Radical Markets (well worth a read if you haven’t had a chance) offers some unusual ways market dynamics can be introduced to some traditionally very un-marketlike domains. One example is taxes and work: self assessed rates of the value of one’s labor, taxation against that assessment, balanced with a requirement to perform the work for the stated price. There are many practical concerns with this, but it poses an interesting thought experiment!
One area that occurred to me recently though was the idea of burnout - which I think is pretty commonly acknowledged as the acceptable workplace term for depression. In the thought experiment, if you declared a very high price on your labor, but were very in demand, how do you account for general non-performance or significantly reduced quality? Over time the market would correct, but in the example used in the book (a surgeon!) there would be poor short-term outcomes.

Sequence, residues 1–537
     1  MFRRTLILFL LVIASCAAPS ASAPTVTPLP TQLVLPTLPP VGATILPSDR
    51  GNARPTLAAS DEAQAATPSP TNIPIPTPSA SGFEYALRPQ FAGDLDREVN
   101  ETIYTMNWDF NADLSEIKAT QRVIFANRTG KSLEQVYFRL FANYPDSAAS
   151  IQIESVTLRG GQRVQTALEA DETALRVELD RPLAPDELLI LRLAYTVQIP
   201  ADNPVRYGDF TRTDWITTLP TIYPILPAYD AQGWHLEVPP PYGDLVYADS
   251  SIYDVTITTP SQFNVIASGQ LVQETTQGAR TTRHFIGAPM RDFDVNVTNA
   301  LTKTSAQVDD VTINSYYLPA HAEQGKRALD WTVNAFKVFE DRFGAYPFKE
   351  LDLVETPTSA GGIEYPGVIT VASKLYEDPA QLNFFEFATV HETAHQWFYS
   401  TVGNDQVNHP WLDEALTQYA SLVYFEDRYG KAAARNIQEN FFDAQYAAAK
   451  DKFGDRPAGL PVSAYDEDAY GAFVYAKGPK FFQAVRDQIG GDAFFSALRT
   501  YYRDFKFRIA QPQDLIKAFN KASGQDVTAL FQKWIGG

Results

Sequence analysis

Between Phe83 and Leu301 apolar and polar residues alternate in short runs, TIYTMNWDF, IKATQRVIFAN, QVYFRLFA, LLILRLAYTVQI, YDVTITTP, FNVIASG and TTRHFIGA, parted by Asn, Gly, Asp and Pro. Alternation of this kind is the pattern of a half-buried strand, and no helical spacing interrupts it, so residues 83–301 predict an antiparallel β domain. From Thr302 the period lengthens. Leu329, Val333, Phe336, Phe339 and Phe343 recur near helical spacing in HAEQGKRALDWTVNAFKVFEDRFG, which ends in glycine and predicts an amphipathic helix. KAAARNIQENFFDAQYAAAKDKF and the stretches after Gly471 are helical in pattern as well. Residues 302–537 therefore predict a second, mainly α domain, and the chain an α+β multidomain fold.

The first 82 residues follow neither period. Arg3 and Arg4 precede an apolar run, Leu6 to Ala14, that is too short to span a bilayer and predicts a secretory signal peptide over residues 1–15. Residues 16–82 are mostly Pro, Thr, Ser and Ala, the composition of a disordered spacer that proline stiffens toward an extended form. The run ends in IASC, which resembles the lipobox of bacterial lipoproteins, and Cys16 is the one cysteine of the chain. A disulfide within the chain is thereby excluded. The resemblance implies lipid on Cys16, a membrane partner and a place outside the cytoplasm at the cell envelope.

Technological innovation has driven most of our improvements in productivity (in the economic sense), and through to improvements in living standards, but technology itself doesn’t create that value - it needs to be actuated by humans. Scientific management, human factors, psychological safety and so on have all attempted to corral and define the process for making humans more effective, more productive, more able to create output. I believe that having meaningful work is a huge part of people thriving, but the fact that people (myself included) can be in a good environment, doing good work, and get burned-out is troubling. It’s incompatible with the always-progressing career model which has held over from the 50s, and is inherently resistant to point solutions.